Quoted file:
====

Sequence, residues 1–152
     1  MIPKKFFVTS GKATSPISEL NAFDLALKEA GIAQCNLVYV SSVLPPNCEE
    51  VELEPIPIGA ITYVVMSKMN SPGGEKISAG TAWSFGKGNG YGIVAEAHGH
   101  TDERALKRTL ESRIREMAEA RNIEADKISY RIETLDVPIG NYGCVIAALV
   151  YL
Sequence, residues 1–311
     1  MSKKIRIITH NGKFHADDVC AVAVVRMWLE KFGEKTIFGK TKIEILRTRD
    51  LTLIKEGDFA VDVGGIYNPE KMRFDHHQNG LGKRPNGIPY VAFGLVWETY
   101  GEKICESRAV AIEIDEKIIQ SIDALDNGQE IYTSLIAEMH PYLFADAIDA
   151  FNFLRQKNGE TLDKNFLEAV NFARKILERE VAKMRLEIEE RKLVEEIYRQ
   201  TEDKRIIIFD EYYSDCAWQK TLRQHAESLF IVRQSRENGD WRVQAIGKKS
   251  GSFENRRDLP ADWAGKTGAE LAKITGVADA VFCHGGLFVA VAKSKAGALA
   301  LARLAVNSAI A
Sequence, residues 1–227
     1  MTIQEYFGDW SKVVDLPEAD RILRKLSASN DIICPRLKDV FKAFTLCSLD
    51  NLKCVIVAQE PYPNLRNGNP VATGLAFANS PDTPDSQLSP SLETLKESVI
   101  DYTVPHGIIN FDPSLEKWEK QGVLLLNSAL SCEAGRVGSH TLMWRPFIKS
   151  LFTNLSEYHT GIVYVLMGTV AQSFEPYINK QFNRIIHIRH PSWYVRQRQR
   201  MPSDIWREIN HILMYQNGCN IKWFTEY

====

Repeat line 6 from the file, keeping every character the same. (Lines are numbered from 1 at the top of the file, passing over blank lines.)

Sequence, residues 1–311